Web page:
The two candidates Mayor Bloomberg is vetting to head the city's Department of Transportation stand poles apart on how to address the city's transportation woes.
Transit experts are touting one of the candidates, Janette Sadik-Khan, 46, a senior vice president at the engineering firm Parsons Brinckerhoff, as the more progressive choice, saying she would focus on expanding mass transit options rather than making streets more accommodating of vehicles.
Her competitor, Michael Horodniceanu, 62, a former transportation department traffic chief under Mayor Dinkins with close professional ties to Commissioner Iris Weinshall's administration, is widely viewed as the candidate who would stay with what critics have called the overly cautious and car-friendly course Ms. Weinshall has pursued over the past seven years.
In the next few weeks, Mr. Bloomberg will make his choice between what experts termed a "people-first" and a "car-first" traffic chief.
"If the mayor is creative enough to pick someone like Janette, it sends a message that he wants to have a legacy in taming city traffic," the chief attorney of the Straphangers Campaign, Gene Russianoff, said.
"The right commissioner could do a lot more for pedestrians and bus riders and really turn the agency into a planning, not a traffic engineering, agency," the executive director of Transportation Alternatives, Paul Steely White, said. "Transit-oriented development is Janette's calling card."
Ms. Sadik-Khan's biggest asset, according to transit experts, is her ability to pull in big federal dollars to fund local transit projects. She oversaw a $4 billion capital budget when she worked for the Federal Department of Transportation.
Mr. Horodniceanu's background, in contrast, is in traffic engineering. Transit experts say he would be more likely to focus on how to move traffic, not people, through the city. Mr. Horodniceanu earned a doctorate in traffic engineering, and currently runs the architecture and planning firm Urbitran.
Both candidates are expected to support the mayor on congestion pricing, a scheme under which drivers would be charged a fee to use the city's most congested streets during peak hours. Mr. Bloomberg has said it is one option New York must consider to deal with traffic levels that are damaging to the city's economy.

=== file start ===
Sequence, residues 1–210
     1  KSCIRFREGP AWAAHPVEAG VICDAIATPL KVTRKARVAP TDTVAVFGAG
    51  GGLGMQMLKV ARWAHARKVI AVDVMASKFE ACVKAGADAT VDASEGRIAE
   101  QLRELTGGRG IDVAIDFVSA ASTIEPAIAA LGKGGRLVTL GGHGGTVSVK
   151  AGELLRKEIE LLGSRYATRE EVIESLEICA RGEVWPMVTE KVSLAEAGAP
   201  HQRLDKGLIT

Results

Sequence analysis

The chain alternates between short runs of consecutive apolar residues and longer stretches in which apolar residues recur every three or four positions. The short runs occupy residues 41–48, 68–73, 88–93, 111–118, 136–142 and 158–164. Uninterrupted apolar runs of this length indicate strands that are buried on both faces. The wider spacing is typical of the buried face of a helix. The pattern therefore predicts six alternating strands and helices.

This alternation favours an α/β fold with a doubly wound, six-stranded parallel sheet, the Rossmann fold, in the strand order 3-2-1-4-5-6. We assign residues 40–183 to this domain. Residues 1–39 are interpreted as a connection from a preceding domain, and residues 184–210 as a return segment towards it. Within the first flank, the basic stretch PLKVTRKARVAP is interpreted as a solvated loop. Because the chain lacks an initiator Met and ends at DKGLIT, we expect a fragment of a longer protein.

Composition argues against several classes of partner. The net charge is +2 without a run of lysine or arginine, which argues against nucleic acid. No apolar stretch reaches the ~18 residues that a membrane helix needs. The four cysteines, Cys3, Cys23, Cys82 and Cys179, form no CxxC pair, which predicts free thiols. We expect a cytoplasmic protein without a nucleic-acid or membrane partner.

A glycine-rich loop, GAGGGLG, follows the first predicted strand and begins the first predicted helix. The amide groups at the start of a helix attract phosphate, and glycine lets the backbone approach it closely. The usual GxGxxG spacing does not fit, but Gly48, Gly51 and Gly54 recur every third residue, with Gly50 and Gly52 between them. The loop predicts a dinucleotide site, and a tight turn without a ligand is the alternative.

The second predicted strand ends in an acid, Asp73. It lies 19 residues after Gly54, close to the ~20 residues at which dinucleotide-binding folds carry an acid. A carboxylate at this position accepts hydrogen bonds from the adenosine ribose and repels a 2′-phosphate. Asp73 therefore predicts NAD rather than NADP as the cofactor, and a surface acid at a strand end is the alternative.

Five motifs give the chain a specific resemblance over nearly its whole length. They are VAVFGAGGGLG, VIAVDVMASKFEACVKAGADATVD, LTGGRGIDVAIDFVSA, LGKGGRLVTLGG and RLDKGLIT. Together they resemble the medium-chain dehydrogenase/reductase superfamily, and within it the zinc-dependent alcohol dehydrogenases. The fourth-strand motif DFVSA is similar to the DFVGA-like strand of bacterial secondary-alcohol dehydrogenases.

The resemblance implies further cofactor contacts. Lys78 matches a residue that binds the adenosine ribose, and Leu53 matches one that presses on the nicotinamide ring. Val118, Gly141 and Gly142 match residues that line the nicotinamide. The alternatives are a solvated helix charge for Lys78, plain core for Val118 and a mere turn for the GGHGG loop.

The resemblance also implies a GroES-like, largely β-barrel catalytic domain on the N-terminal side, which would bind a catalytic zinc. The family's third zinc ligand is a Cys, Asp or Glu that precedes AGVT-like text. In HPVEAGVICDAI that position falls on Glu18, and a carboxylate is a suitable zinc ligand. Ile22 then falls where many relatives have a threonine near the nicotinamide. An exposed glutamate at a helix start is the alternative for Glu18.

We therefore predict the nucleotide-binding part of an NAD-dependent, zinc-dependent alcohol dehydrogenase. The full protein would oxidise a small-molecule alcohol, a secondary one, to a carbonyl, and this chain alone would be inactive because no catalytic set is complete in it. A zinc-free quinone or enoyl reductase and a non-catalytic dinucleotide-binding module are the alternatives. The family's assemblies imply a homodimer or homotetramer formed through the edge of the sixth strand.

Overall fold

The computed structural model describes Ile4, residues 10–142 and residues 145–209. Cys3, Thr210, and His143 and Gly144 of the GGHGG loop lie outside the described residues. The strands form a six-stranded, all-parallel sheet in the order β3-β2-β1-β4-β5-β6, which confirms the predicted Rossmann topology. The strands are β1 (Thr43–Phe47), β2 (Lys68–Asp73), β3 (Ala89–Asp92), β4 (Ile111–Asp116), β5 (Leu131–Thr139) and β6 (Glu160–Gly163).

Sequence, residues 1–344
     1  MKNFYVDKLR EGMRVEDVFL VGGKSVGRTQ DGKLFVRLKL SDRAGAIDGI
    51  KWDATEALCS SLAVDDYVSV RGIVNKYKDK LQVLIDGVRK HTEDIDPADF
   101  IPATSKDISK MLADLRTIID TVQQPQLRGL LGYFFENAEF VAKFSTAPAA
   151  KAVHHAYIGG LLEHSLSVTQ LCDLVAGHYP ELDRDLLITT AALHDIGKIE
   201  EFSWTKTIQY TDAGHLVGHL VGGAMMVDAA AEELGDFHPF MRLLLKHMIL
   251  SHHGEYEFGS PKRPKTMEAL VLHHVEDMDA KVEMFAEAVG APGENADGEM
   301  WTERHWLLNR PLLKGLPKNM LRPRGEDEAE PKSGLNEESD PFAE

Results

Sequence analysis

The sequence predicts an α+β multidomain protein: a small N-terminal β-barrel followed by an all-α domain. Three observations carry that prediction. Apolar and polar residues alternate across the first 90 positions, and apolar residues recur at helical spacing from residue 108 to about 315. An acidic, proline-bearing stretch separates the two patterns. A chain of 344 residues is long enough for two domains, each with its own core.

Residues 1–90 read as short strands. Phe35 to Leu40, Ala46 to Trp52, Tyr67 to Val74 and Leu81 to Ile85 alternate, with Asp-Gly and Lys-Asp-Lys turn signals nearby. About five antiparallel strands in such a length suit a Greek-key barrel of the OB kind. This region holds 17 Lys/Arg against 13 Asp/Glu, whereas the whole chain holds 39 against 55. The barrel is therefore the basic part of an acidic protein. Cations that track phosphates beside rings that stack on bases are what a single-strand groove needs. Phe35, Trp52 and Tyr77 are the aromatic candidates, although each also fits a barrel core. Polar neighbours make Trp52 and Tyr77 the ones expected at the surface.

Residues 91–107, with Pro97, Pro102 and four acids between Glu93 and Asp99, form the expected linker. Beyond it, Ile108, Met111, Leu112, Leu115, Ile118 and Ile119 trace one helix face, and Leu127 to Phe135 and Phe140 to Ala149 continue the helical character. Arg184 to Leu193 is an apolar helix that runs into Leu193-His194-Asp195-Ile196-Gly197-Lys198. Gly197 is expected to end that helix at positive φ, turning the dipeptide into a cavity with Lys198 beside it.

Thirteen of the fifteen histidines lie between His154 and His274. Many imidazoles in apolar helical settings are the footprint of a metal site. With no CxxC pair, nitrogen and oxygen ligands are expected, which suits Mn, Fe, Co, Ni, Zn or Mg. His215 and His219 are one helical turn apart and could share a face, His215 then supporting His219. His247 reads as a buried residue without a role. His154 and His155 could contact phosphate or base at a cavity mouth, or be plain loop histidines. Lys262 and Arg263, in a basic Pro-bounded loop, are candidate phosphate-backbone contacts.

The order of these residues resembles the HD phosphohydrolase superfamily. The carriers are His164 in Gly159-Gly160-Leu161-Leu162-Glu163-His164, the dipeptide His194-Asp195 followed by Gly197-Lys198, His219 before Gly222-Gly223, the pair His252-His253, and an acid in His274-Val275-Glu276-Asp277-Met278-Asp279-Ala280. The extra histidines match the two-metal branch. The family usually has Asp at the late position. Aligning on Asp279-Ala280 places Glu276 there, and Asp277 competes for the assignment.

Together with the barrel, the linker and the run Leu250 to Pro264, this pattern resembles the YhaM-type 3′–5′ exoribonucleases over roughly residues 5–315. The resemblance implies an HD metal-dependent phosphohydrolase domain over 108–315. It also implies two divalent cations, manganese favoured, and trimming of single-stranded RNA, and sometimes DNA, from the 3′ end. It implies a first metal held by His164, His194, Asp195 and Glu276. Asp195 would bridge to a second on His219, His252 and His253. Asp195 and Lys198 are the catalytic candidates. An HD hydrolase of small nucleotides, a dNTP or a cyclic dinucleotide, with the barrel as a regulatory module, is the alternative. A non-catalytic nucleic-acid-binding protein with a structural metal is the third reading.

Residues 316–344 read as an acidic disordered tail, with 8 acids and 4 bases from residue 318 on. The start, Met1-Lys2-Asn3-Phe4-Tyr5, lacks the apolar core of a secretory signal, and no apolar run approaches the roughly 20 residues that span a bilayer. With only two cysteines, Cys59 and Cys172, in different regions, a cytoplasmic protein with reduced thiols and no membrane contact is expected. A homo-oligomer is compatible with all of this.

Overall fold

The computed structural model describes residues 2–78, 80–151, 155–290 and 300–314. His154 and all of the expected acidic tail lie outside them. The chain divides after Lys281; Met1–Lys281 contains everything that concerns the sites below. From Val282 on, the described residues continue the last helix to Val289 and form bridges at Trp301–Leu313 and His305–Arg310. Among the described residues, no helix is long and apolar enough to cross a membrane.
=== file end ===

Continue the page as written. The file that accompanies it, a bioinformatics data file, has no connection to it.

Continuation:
Ms. Sadik-Khan was considered for the commissioner post in 2000, when Ms. Weinshall was appointed by Mayor Giuliani — some say because of her political connections (she is married to Senator Schumer). Ms. Sadik-Khan was also one of Governor Spitzer's top candidates to head the Metropolitan Transportation Authority, sources said, a position to which Elliot Sander was ultimately appointed.
With a new commissioner, "We hope for increased regional cooperation on transit and traffic projects, especially in securing federal funding for priority projects," the president and CEO of the Partnership for New York City, Kathryn Wylde, said. She listed those priorities as increased ferry service, park and ride facilities connected to express buses, and bus rapid transit lanes.
As she prepares to leave local politics on April 13 to assume a position at the City University of New York, Ms. Weinshall responded yesterday to criticism that the transportation department under her leadership has dragged its feet in encouraging mass transit projects.
Ms. Weinshall told The New York Sun yesterday that her department studied 130 different communities in its quest to determine which neighborhoods would best be served by the faster bus lanes, known as bus rapid transit. "If the critics have a problem with that, I'm sorry," she said. "But I'd rather be more comprehensive and inclusive than have the argument with people about why we didn't look at their communities."
Ms. Weinshall's parting advice to her successor: "You're serving all five boroughs. Each borough has distinct geography, concerns, and issues. There's no cookie cutter approach."
Ms. Sadik-Khan and Mr. Horodniceanu declined to comment for this article.
Correction from March 16, 2007:
Mayors Koch and Dinkins were the mayors for whom Michael Horodniceanu served as deputy transportation commissioner. Mr. Horodniceanu's service record was misstated in an article on page 3 of the March 14 New York Sun.